cooling the air going into the compressor has major impact
on the compression process.

If you look at a compressor performance chart. It has
Compressor Mass Flow Rate on the x-axis and Pressure Ratio
on the y-axis. Going across the chart, rising at about
a 45deg. angle is the compressor operating line. At some
point on that line (say half way up) you are operating at
100% RPM, you're normal operating point.

At that 100% RPM operating point, you start water injection
upstream of the compressor.

Due to the cooling effect mentioned by sferrin,
the operating temperature of the compressor is reduced.
This does some neat things to the compression process:
The corrected RPM of the engine goes up (corrected
RPM = N/sqrt(theta); where N = engine RPM and theta is
essentially the temp (which is reduced due to PCC). Since
the denominator is reduced, corrected RPM goes up, which
moves the compressor operating point to the right on the
x-axis, to a higher Compressor Mass Flow Rate.

And since the operating line is angled at 45 deg. upward,
and we now moved the operating point to the right, we also
go up the operating line to a higher y-axis value, or a
higher Pressure Ratio!!

So PCC cools the compressor air, actually due to water
evaporation, and raises the pressure ratio and mass flow
rate. So the turbine and nozzle (the backend), as sferrin
mentioned, is actually passing more mass flow and therefore
more thrust.

There is a danger of compressor stall if we cause to fast
a temperature reduction without enough additional mass flow,
because then the compressor operating line will angle up
and cross the compressor stall line (which runs above the
operating line).

But if the PCC temperature reduction and mass flow is
correct for this engine, then the operating line, as it rises
due to PCC, will parallel the stall line, and no stall will
happen.

There is also the possibility of additives to the water
tank to preclude freezing, like alcohol, which helps the water
also evaporate in the compressor more quickly.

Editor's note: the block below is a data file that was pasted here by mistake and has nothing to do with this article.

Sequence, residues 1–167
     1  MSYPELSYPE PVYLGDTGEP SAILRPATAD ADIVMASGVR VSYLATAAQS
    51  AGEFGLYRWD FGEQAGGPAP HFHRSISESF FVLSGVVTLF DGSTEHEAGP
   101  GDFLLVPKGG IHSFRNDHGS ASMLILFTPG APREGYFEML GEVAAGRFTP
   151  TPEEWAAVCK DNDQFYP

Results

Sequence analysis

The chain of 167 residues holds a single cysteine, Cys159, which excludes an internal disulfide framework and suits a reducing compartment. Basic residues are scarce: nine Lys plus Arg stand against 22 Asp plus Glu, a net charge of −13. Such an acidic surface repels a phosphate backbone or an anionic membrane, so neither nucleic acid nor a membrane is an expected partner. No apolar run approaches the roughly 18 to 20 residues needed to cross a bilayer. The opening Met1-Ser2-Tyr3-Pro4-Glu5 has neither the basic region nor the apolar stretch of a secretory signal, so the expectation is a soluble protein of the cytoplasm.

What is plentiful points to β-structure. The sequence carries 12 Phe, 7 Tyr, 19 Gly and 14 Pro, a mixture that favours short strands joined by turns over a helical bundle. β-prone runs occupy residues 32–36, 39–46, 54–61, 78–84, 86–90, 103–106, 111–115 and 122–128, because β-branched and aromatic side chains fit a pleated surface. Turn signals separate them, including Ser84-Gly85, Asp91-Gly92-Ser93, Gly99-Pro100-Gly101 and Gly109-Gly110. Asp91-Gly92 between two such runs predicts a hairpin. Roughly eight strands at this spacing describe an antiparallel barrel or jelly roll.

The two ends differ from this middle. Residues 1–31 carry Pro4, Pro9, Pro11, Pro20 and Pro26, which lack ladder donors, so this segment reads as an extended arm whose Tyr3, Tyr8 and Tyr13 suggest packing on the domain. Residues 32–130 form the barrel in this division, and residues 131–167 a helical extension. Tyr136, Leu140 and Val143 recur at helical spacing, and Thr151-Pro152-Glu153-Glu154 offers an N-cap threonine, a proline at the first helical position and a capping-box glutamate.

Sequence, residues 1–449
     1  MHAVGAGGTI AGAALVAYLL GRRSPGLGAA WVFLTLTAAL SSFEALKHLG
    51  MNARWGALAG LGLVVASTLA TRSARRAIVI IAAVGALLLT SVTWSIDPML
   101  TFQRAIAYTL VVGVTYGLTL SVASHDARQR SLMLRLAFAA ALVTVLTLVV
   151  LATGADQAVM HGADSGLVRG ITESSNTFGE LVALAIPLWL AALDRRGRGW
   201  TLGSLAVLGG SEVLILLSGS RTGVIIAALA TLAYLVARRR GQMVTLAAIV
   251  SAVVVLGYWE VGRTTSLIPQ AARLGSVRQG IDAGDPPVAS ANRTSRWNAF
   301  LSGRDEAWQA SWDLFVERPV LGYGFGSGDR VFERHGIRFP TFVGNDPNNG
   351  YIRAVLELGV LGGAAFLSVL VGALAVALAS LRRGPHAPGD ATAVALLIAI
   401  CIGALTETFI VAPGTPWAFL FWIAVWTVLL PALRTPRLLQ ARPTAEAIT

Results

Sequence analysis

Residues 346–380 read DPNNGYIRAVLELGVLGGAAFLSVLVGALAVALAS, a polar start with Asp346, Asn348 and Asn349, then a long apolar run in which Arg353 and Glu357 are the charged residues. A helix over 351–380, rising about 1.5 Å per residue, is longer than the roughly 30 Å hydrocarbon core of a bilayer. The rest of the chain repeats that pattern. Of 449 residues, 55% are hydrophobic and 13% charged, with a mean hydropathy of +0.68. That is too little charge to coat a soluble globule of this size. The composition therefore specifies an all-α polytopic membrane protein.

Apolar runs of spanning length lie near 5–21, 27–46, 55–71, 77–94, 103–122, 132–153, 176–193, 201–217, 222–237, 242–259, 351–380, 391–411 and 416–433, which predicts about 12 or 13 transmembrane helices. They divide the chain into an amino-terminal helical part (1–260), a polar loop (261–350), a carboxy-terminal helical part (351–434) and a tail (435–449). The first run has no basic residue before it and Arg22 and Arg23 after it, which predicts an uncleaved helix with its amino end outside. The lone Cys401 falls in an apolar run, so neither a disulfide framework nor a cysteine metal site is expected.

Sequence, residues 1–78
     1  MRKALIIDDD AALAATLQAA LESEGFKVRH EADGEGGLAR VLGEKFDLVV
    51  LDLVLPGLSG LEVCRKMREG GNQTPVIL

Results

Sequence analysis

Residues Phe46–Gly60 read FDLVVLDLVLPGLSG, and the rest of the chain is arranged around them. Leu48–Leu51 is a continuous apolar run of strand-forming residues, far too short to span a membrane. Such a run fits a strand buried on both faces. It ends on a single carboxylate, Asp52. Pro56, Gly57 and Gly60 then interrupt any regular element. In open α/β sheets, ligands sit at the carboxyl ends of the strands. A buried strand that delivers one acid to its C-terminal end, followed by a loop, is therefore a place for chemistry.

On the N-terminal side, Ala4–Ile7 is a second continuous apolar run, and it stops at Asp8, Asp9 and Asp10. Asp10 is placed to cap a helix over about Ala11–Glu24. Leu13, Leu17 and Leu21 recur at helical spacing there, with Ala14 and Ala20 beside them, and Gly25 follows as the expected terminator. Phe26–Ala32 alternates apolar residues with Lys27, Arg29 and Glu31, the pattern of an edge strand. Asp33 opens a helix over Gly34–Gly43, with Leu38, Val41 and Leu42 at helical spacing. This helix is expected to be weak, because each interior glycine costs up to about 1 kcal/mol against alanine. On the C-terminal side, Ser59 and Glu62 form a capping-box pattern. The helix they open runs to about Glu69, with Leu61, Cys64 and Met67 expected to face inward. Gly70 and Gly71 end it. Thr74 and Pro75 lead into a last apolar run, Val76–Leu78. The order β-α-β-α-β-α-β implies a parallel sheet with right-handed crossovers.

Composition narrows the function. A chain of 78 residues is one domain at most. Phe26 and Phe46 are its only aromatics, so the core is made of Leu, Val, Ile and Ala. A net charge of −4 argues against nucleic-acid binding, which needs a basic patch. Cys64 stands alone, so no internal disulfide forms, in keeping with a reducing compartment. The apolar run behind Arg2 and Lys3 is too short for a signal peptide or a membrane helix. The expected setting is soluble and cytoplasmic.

The idea is that you want to employ PCC until the air at
the compressor discharge is saturated. So say your in a fast
airplane and Mach number is increasing (helped by PCC too).
So, to achieve this, as the air into the compressor becomes
hotter (due to inlet compression at higher Mach), you increase
the PCC augmentation. So the possible PCC augmented thrust ratio
goes up with higher Mach number.

To give an idea of possible thrust augmentation multipliers,
on a chart I have at home in one of my propulsion books,
it shows PCC thrust augmentation of 2.6X at Mach 2 with
injected water-air ratio of around .115 (NACA TN 2083 - 1950).

So this is cool stuff (pun intended!)

>Wouldn't it be cool to find someone very rich to build an F-4X,
>just for s***ts and giggles....
We think alike!!



I found this very technical report that may be one in the same as in your text book.
http://ntrs.nasa.gov/archive/nasa/casi.ntrs.nasa.gov/19930092063_1993092063.pdf

Offline shockonlip

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Re: F-4E(S) & F-4X
« Reply #44 on: December 21, 2010, 01:55:17 am »
I found this very technical report that may be one in the same as in your text book.
http://ntrs.nasa.gov/archive/nasa/casi.ntrs.nasa.gov/19930092063_1993092063.pdf
[/quote]

Thanks Phantom-Phlyer !!

Thanks for finding this report!

It IS one of the reports in the References section of my textbook section on water
injection. So my textbook quotes it as well as the other one I quoted earlier.

THANKS VERY MUCH, I am looking forward to reading it!

My textbook calls this NACA Report 1006, 1951, and indeed Report 1006 is the
title of your report at the beginning.

But figure 4 in your Report 1006 looks very close to the chart
actually in my textbook, except that my textbook has a curve with highest augmentation
ratio of 2.6 at Mach 2 (at sea level). It also has a higher altitude augmentation ratio
of 2.0 (at 35,000 ft.) at Mach 2, and water-air ratio of .084.

Your Report 1006 reference goes up to an augmentation ratio of 2.08 at Mach 1.5 at
sea level, with water-air ratio of 10.6 (.106?) and a higher altitude augmentation
ratio of 1.53 at Mach 1.5 at 35,332 ft with a water-air ratio of 6.8 (.068 ?).

There are other charts in your report that seem very similar to what is in my textbook
as well but quoted for the other reference. The full title of that other reference from
my textbook is: Lundin, B.T., "Theoretical Analysis of Various Thrust Augmentation
Cycles for Turbojet  Engines," NACA TN 2083, 1950.